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Know-How Protection for Trustworthy Electronics

Our lives will be increasingly influenced by electronic components in the future – e.g. in self-driving cars or service robots. In order to trust said components, the government is funding scientific projects as part of a flagship initiative. The Computer Architecture working group is involved.

The goal of the flagship initiative “Trustworthy Electronics” (“Vertrauenswürdige Elektronik”), which is being funded by the Federal Ministry of Education and Research (BMBF), is the research into and development of new methods, solutions, and processes, that range from design to production, analysis, and assessment. The aim of the “CirroStrato” project is to research the implementation of so-called reconfigurable transistors that serve the purpose of protecting intellectual property of chip layouts. The Computer Architecture working group (AGRA) at the University of Bremen is led by Professor Rolf Drechsler and carries out central tasks surrounding testing and verification of the new security mechanisms.

“Electronic devices such as cell phones or autonomous vehicles require there to be trustworthy electronic components. In times of long international value chains, this is a constant challenge,” explains Rolf Drechsler. Thus, electronic components must be effectively protected against know-how theft without incurring high additional costs, restricting the performance capabilities, or event endangering the correct functionality of the resulting electronic components.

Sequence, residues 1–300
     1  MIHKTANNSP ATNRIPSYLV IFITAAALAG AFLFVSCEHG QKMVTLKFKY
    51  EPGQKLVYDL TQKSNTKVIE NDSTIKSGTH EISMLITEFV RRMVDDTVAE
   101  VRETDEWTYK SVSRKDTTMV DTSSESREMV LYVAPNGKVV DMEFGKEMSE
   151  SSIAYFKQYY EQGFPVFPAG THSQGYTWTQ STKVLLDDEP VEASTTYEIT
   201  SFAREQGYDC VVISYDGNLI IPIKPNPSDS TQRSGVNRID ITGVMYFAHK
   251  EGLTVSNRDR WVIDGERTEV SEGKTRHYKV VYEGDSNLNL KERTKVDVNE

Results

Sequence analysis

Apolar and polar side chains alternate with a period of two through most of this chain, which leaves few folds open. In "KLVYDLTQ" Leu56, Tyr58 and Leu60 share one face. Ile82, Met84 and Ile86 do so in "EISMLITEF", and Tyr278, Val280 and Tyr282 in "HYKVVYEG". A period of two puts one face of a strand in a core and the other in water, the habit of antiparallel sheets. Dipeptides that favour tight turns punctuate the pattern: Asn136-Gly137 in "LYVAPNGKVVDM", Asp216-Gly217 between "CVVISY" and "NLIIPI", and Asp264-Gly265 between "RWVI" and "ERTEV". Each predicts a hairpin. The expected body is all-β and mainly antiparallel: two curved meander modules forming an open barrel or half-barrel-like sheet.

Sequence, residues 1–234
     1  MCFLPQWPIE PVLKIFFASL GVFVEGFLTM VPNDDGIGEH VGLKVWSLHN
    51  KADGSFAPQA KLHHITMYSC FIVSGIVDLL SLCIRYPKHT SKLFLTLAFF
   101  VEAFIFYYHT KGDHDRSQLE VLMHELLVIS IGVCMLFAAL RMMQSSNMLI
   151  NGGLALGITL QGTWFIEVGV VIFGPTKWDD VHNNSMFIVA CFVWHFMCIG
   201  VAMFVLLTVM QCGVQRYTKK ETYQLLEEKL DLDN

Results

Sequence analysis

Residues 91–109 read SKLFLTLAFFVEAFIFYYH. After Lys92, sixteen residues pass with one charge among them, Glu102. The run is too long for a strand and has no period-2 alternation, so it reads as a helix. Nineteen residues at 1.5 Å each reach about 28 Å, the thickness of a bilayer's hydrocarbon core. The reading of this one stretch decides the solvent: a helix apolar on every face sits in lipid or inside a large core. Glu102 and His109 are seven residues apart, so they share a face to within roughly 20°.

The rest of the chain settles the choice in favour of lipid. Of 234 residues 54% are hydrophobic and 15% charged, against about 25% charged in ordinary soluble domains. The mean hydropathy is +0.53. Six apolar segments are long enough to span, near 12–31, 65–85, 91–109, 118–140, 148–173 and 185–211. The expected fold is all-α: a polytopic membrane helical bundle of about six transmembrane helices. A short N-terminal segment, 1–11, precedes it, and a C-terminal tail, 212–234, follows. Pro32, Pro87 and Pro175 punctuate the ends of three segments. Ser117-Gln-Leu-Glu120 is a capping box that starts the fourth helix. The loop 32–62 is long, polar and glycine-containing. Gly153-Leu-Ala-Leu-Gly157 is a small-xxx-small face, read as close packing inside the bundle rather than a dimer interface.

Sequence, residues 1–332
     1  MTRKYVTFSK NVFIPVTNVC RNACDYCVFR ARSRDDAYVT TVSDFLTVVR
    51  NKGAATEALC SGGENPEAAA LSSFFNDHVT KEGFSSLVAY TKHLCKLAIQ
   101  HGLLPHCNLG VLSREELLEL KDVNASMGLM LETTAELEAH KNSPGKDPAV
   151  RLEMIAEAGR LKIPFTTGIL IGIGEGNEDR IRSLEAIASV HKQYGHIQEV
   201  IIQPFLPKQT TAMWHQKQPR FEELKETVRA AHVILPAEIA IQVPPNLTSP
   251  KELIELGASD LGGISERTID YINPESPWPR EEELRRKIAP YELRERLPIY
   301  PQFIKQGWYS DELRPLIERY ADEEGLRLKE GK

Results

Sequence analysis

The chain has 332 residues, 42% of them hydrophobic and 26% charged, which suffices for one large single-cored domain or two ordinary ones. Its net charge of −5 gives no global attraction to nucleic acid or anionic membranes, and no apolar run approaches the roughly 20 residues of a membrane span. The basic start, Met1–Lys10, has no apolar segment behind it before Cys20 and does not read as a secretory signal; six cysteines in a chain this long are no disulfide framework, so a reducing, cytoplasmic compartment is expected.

Reliable Tests and Complete Verification Are Important

On these grounds, the highly complex, automated design process for regular circuit technology needs to be amended effectively so that trustworthy analyses – thus testing and verification – can take place before the final electronic components are fed into the entire system. “These processes need high-performance algorithms that enable a full analysis and take all possible circumstances into consideration in order to ensure the secure functionality of each component after successful assessment,” says Drechsler. This requires methods that implement formal techniques and for which effective modelling plays a key role.

AGRA at the University of Bremen and four other partners are developing novel protection mechanisms for intellectual property protection in electronic components as part of the CirroStrato research network. The project partners Nanoelectronics Material Laboratory (NaMLab) gGmbH (as network coordinator), GLOBALFOUNDRIES LLC & Co. KG, TU Dresden, and NXP Seminconductors Germany GmbH (as an associated partner) are basing their work on the new technology that is reconfigurable field-effect transistors (RFETs).

Exposing and Fighting Plagiarism